When it comes to being environmentally conscious, musicians tend to be a group that leads the pack. Artists often use their large and captive audiences to spread the word of “going green” and how they care for the environment. Artists the likes of Radiohead and Dave Matthews and The Roots have used their fame, worldwide tours, and lyrics to spread the word about protecting our earth and doing what we can to clean up our planet. However, there is one conundrum many of these musicians face when it comes to their mission to save the planet: their guitars.

Any guitar player will tell you, the type of wood that goes in to making high end guitars has a huge effect on the tone and playability of the instrument. Guitar makers like C.F. Martin & Co., Gibson, Fender, and Taylor all seek out rare hardwoods to make some of the worlds finest instruments that sell for multiple thousands of dollars. These instruments boast some of the rarest mahoganies, ebonies, and spruces from around the globe, some of which can sell for almost $200 per square foot. Even though these historic instrument makers have been using these woods for years, the companies have not gone without scrutiny by environmentalists and government agencies.

In August of 2011, Gibson guitars headquarters in Nashville, Tennessee was raided by armed members of the U.S. Fish and Wildlife Service. The reason for the raid? Nearly one million dollars worth of rare Indian ebony that was allegedly brought into the country illegally. This was the second raid in two years on the Gibson factory for possession of rare woods thought to be contraband. Gibson quickly sent out a press release stating that the company was in full compliance with the law. The statement claims that the wood seized was purchased from a certified Forest Stewardship Council supplier, that the company was not hiding the fact that they were in possession of the wood, and that Gibson will aggressively fight to prove their innocence.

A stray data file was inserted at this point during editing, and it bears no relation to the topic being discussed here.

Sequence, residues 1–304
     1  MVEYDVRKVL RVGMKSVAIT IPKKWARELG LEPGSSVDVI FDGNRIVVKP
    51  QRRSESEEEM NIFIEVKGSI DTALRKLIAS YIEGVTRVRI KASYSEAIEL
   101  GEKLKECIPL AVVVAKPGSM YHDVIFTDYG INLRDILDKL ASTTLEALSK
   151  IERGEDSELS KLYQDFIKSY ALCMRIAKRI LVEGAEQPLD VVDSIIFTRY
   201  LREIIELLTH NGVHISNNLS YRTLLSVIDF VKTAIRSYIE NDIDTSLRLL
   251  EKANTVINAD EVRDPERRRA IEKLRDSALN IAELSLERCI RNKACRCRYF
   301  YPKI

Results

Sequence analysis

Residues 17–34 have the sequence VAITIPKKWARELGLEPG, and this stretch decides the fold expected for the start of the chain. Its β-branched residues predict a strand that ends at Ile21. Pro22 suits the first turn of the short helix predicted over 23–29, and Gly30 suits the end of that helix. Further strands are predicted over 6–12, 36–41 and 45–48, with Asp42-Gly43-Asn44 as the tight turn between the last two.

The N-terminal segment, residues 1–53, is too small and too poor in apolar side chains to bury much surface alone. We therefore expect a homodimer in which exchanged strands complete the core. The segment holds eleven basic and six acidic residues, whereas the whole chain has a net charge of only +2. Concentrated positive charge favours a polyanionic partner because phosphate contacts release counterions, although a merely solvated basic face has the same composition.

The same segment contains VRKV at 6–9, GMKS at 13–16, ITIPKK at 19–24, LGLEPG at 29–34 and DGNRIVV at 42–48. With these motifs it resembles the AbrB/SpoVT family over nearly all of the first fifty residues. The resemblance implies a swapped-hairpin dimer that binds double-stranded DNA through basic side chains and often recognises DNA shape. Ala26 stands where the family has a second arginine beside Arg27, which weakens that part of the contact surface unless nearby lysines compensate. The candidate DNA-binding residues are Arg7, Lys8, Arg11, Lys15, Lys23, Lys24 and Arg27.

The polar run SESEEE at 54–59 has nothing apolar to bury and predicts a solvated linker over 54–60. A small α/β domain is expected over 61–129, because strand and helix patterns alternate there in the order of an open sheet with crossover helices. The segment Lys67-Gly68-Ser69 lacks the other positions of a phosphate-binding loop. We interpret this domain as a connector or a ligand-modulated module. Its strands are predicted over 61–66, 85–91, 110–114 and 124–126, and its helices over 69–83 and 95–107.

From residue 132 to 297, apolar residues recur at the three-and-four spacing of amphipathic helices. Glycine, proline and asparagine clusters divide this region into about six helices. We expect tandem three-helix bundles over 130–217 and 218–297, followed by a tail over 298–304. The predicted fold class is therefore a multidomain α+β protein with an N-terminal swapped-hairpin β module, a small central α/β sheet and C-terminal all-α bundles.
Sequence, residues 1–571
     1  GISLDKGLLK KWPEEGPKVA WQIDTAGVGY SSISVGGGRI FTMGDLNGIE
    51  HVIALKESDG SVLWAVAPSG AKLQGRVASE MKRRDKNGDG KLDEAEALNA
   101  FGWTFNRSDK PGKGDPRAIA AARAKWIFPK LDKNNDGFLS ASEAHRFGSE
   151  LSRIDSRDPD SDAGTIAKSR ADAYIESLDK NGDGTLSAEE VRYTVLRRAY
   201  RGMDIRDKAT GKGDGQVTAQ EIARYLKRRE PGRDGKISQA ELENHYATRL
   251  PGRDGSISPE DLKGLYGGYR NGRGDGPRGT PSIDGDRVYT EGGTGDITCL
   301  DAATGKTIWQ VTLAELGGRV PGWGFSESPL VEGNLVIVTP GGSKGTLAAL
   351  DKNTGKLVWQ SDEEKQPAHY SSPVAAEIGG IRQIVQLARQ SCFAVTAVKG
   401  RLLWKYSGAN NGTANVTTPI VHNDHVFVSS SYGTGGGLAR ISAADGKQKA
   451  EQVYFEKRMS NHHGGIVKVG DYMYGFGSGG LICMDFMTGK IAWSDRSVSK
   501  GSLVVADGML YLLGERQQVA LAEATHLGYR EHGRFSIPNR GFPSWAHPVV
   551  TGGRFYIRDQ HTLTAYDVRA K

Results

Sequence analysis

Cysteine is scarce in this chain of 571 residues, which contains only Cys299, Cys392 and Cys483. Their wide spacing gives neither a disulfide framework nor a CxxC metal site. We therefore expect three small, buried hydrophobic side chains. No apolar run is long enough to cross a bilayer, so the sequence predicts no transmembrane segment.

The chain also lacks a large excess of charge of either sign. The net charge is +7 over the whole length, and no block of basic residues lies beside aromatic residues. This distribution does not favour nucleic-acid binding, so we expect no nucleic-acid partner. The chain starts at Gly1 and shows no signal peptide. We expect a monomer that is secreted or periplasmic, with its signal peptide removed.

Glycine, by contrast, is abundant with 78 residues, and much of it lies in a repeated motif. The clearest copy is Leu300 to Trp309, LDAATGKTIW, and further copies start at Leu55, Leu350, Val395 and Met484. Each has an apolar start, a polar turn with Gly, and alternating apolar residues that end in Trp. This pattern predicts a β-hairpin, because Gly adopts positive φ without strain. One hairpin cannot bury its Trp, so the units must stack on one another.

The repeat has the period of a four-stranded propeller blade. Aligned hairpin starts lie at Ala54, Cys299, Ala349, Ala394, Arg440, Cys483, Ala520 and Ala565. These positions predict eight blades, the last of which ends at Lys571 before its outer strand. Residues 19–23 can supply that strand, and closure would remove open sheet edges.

The Gibson factory being raided is one of many stories of instrument manufacturers running in to similar situations. The government has used the U.S. Lacey Act as their primary basis for fighting these companies. The Lacey Act prohibits the trade of wildlife, fish, and plants that have been illegally taken or sold. This act was modified to include rare woods in 2008. Henry E. Juszkiewicz, chief of operations at Gibson, included in his press release that the Lacey Act “does not directly address conservation issues but is about obeying all laws of the countries from which wood products are procured. This law reads that you are guilty if you did not observe a law even though you had no knowledge of that law in a foreign country.

The U.S. Lacey Act is only applicable when a foreign law has been violated.” Juszkiewicz is right. He argues that the wood was completely legal because it was already finished, putting it in compliance with Indian law as well as the Lacey Act.

Instances like this provide a basis for interesting discussion on both political and environmental grounds. It is easy for an environmentally minded person to look at a situation like this and see that Gibson is using rare woods from remote parts of the world which could negatively impact the environment and automatically pin them as the “bad guys”. But, there are some details to this story not often seen in the press that may change people’s reactions.

While it cannot be denied that guitar makers do use rare woods, some of which are